So the first gifts the nurses gave us were these – they restored our trust. They helped us feel important – like we made a difference to our baby. They helped us see her beauty. One of our first nurses said to us early on, “Have you noticed what elegant hands and feet she has?” And we looked, and we saw them. And they were! I mean, we couldn’t see much else of her because of tape & diapers, and of course she had no bottom – but she did have beautiful hands and feet! I took pictures of them and sent them to family – they were the only pictures I let anyone see for months. Her beautiful hands & feet.

What a gift that was! And so that’s what our nurses did - they told us the truth but encouraged our realistic hope.

[slide] In this slide, you see Maggie getting her first feed of my breast milk. We had received such great support around this from the first moments after her birth. I felt like such an idiot trying to collect those first few drops, but our nurse cheered us on like we’d just won an Olympic event. So weeks later, when we were able to give her this first feed of those first drops of colustrum, we felt amazing. We had been able to do something for her – we were able to be parents. I finally felt capable.

I should add - I was able to go back a few months ago and thank that very nurse who had helped us in the beginning, and say those magic words, “You were right”.

[slide] This picture illustrates just how your sense of personal boundaries may change after time of hospitalization, since this is a photo of my second daughter breastfeeding – and I’m just getting to know some of you! But really, I want to show you this because it shows a progression

[slide] So because of the nature of the support and the teaching that we got, we ended up in a great place – where feeding our baby felt natural and normal and easy. We got there because we got consistent information and encouragement. And the consistency is the key. Without that, we never would have ended up here.

[slide] So this is what our nurses were to us, and what you are to so many of the families you help. You’re cheerleaders, you’re experts, you’re champions, you’re supportive … and you teach us.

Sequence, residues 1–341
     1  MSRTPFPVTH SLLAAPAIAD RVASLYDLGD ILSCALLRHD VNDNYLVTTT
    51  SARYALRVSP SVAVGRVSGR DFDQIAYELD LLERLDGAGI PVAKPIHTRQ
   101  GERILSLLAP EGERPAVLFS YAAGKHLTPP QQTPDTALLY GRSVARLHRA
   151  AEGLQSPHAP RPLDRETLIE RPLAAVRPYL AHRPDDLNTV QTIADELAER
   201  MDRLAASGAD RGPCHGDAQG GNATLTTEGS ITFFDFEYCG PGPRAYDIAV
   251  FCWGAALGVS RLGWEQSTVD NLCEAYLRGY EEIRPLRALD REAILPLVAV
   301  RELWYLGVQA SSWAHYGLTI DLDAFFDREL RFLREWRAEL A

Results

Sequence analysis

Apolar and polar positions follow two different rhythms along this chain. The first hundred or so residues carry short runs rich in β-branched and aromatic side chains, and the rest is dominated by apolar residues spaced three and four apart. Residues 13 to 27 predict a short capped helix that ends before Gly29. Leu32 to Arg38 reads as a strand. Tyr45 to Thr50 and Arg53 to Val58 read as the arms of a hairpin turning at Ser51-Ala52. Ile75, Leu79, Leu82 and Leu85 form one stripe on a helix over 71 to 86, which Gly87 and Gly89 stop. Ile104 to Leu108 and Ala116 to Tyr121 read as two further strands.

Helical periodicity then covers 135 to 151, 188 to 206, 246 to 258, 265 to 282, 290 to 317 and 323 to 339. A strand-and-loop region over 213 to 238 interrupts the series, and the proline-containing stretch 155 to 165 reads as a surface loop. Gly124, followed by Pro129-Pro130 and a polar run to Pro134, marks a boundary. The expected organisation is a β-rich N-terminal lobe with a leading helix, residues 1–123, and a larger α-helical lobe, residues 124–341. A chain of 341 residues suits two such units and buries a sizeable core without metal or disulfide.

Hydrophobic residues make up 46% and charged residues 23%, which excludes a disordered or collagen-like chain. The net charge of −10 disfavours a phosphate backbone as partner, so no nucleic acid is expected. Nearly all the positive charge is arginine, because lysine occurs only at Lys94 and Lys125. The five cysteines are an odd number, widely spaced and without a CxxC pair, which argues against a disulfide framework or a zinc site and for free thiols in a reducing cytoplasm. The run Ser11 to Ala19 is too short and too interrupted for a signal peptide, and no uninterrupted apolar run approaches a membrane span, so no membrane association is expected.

[slide] And how do you teach us? We’re not sitting in a classroom – there are no tests we have to pass. It’s worth looking for a moment at how adults learn. I should mention that in addition to not being very good at carrying babies to term, my academic background is in adult education, so this is something I’m quite interested in.

Most of this will make sense to you, I’m sure – one of the biggest impediments to adult learning is stress. And that’s certainly something all parents in the NICU feel. But we also feel highly motivated to learn, which is a plus. Research shows that giving adults opportunities to practice in an accepting, non-judgmental atmosphere will help them retain more information. Another interesting tidbit is that while people may have very different learning styles, almost all adults benefit from very practical, hands-on learning activities.

What does that mean in the NICU? It means that when you help parents care for their babies – when you help them hold their babies kangaroo care style, when you help them put colustrum in their baby’s mouth, when you show them how to read their baby’s signals, when you help them change a diaper for the first time, you’re not just being kind – although it is profoundly kind. You’re being a teacher. And a brief aside and another plug for kangaroo care – when you help parents hold their babies, it helps moderate the parental stress response – which in turn makes it easier to learn! It’s good magic.

[slide] What else is useful to know about adults and learning? Letting parents know the explicit benefits of what they’re doing will help us learn – focusing on what’s most important and telling us how this will help our baby or ourselves – that will help us stay focused and learn. You might find at times that parents seem to learn a lot and then stay on a plateau for a while – like they’ve hit a wall. That’s very normal for adults, even not considering the high-stress context of the NICU. Most adults can learn a certain amount of information and then need time to process and take it in before they can move on. So when you’re working with families it helps to keep this in mind – to wait for those moments when they’re ready to learn. It’s like going up a ladder – you pull yourself up, gather yourself, and then go up the next rung. You also have to dice up information into digestible chunks. Have you ever seen a parent’s face glaze over when you’re telling them something? I certainly have – and when I do I realize they’ve probably hit their info quota for the day, and I should come back later if there’s something I need to share with them.